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Tuesday, July 22, 2008

Iraqi "snake" bites President Bush

Andy Martin on Al-Maliki, Obama—and Bush. Middle East expert Martin provides unique insight based on almost forty years in the region. Andy served as a Baghdad bureau chief in 2003 and was Paul Bremer's first detractor.

Iraqi snake bites President Bush
Executive Editor

“Factually Correct, Not
Politically Correct”


(NEW YORK)(July 23, 2008) This week an Iraqi snake bit President Bush. Noor Al-Maliki sought to promote the presidential candidacy of Senator Barack Obama. Maybe Saddam Hussein was right all along about Iraqis. Bush was certainly wrong.

First, a brief history for our new readers: I probably became the first name on President Bush's enemies list when I predicted--in December, 1999--he would bomb Iraq (video coming on YouTube). I knew Bush better than he knew himself.

Having spent over thirty years in the Middle East, I was a strong opponent of the Iraq invasion in 2002-2003 and predicted it would backfire. I spent most of 2003 in Baghdad, predicting the tranquility would evaporate and the chaos would return. In 2007 I surprisingly predicted President Bush's "surge" might work. Finally, I have always recognized that no nation and no people enjoy or welcome the presence of foreign troops.

Nevertheless, Al-Maliki's "endorsement" of Obama was the act of a snake, not a statesman.
President Bush is going to be regarded as a tragic figure by history. Everyone close to him betrayed him. His civilian defense officials betrayed him by endorsing the folly of an Iraq invasion. Vice president Cheney betrayed him by proffering the same advice. The entire enterprise was doomed from its inception. Saddam Hussein was a colossal nuisance in the Middle East. But he was no threat to the United States. And he played an extremely useful role in containing Iran's regional ambitions.

Bush was a "believer" who thought removing Saddam would make Iraq a fertile field for democracy. At the time of Saddam's removal, Shiite leaders such as Al-Maliki were either imprisoned and tortured, or in exile, or silenced. Goaded on by his blinded and arrogant advisers, Bush pursued his dream beyond reason. At each juncture when he could have walked away and written off his misadventure in Iraq, Bush "stayed the course."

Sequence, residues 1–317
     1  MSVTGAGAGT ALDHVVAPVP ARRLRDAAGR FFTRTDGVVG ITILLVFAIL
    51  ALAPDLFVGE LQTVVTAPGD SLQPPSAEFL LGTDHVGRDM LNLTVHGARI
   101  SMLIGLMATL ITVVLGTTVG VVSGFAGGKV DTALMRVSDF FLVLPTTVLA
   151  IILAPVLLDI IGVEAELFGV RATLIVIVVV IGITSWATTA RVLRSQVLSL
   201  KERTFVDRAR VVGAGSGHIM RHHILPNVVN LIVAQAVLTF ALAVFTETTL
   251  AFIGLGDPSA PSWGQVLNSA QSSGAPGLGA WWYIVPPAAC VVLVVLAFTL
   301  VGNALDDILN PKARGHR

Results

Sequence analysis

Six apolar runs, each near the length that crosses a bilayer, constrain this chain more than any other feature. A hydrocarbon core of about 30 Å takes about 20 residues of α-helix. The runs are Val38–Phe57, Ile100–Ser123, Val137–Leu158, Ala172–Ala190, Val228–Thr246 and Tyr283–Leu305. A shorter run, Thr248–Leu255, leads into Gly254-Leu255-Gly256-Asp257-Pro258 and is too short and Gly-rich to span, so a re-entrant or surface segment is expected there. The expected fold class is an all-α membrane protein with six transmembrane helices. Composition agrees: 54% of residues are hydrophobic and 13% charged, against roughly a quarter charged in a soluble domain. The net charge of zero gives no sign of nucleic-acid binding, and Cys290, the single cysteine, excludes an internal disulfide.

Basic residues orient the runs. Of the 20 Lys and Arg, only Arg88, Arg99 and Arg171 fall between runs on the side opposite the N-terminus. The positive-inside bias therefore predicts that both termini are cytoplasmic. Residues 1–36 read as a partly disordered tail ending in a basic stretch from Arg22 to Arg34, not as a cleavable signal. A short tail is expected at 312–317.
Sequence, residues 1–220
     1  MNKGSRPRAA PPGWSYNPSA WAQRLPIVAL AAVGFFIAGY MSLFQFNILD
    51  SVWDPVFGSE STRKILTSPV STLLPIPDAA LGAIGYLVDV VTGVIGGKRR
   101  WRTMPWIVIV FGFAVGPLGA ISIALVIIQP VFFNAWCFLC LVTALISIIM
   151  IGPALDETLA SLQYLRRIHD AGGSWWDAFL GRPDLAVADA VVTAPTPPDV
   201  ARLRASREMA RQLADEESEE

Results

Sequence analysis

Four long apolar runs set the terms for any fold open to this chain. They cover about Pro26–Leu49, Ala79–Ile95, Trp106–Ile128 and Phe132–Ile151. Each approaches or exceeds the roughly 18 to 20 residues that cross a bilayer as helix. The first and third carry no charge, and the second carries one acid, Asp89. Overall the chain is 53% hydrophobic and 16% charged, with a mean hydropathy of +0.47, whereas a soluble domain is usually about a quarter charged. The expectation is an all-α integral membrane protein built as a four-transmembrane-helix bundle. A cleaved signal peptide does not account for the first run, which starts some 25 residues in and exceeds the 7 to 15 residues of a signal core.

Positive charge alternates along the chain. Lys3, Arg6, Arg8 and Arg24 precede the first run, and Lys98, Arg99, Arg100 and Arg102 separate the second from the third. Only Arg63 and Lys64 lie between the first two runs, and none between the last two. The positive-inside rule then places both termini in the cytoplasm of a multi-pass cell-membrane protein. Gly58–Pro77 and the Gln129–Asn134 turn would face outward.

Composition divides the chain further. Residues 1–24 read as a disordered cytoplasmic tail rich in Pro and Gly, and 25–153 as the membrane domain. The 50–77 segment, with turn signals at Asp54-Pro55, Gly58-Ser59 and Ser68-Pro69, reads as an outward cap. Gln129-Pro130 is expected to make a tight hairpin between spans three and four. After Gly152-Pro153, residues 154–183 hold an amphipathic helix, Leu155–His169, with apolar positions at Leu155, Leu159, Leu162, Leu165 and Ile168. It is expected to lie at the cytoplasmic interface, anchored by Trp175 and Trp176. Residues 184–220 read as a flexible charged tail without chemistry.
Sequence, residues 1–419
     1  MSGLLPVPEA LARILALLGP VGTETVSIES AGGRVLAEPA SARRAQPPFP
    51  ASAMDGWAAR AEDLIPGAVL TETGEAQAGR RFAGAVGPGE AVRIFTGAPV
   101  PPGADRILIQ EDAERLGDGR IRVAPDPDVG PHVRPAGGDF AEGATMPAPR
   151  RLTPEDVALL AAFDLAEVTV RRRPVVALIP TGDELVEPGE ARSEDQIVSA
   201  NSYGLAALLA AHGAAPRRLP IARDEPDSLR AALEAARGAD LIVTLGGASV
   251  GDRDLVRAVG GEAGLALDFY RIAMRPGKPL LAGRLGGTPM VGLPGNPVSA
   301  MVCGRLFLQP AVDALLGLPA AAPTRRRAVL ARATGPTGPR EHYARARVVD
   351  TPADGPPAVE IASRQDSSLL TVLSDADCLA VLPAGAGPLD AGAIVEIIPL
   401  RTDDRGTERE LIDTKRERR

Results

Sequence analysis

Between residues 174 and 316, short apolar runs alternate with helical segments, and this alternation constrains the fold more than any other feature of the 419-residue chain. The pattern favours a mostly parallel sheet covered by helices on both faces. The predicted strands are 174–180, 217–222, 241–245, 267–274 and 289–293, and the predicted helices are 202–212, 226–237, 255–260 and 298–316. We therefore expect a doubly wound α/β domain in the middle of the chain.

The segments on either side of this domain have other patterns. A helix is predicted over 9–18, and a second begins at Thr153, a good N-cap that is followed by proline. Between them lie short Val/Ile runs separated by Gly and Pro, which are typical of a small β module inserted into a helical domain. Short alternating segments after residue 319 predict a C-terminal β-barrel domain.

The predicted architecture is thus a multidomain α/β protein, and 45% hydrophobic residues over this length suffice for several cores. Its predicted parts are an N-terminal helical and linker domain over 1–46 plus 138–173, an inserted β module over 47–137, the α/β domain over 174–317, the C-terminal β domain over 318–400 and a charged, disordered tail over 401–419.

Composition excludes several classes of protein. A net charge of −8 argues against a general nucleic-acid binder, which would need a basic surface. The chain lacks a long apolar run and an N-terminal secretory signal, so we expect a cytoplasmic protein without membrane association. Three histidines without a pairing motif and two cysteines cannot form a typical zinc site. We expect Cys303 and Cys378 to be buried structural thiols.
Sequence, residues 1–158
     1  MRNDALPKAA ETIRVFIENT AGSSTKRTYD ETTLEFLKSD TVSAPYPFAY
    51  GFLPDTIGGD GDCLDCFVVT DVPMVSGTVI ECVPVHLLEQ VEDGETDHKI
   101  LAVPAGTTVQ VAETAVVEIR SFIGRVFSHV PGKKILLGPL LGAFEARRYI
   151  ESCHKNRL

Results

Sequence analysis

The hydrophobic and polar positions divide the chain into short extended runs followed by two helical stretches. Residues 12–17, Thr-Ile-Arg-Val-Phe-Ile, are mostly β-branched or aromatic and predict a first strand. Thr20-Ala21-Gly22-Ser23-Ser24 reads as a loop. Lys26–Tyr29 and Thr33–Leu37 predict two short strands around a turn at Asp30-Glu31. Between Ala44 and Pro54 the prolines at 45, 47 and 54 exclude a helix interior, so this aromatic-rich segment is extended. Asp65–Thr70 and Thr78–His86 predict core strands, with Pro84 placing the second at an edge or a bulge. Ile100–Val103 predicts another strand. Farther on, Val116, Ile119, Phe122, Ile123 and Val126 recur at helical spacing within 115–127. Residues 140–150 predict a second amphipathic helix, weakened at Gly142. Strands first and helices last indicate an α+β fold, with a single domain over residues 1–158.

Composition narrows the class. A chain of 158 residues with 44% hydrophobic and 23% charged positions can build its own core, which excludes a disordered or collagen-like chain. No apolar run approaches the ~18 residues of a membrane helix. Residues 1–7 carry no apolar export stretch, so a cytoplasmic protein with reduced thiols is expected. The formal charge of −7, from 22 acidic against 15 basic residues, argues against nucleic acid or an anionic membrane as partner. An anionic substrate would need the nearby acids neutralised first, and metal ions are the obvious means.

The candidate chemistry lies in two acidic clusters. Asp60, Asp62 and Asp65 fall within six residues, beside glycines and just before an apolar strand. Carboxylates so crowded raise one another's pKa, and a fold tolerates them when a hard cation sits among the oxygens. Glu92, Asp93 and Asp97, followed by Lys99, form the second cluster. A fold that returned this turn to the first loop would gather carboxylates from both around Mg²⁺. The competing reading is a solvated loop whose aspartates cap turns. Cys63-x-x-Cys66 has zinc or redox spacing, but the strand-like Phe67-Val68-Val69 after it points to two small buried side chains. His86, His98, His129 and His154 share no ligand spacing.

When the Iraq mission was again failing in 2006, and the new government's enemies were creating chaos, Bush went forward with the "surge." Now that Iraqis are again enjoying relative peace in 2008, their leader Al-Maliki has bitten the hand that fed them, George Bush. Al-Maliki chose to support the one individual whose failed policies would have left Iraq either under the brutal dictatorship of Saddam in 2003, or exposed to perpetual chaos and sectarian violence in 2007--Barack Obama.

Practically speaking, Bush is stuck and the American people are stuck with the need to continue a U. S. presence in Iraq. Even opponents of the war such as myself are forced to argue for maintaining a military force to maintain order. The Powell/Pottery Barn doctrine that Bush ignored, has trapped him. We broke it. We have to fix it. We "own it."

I wish we could all leave Iraq tomorrow. I wish we had never gone in. Obama supporter Governor Bill Richardson wants Americans to throw down their weapons and flee Iraq in panic, thereby creating a new round of mayhem, murder and instability throughout the region. I cannot endorse such an irrational policy today, any more than I could endorse the irrational invasion in 2003.

The Iraqis, of course have deeply conflicted attitudes. On one hand, American men and women enforce relative peace. They know we destroyed the existing social and military structures in 2003; we have not yet built robust and solid replacements. Military and paramilitary organizations such as local police cannot be created overnight. It takes years. The New York Police are 150 years old, and they still have to struggle every day to maintain order and discipline both internally in the police force itself and out among the people. Maintaining public safety is not an easy task under the best of conditions.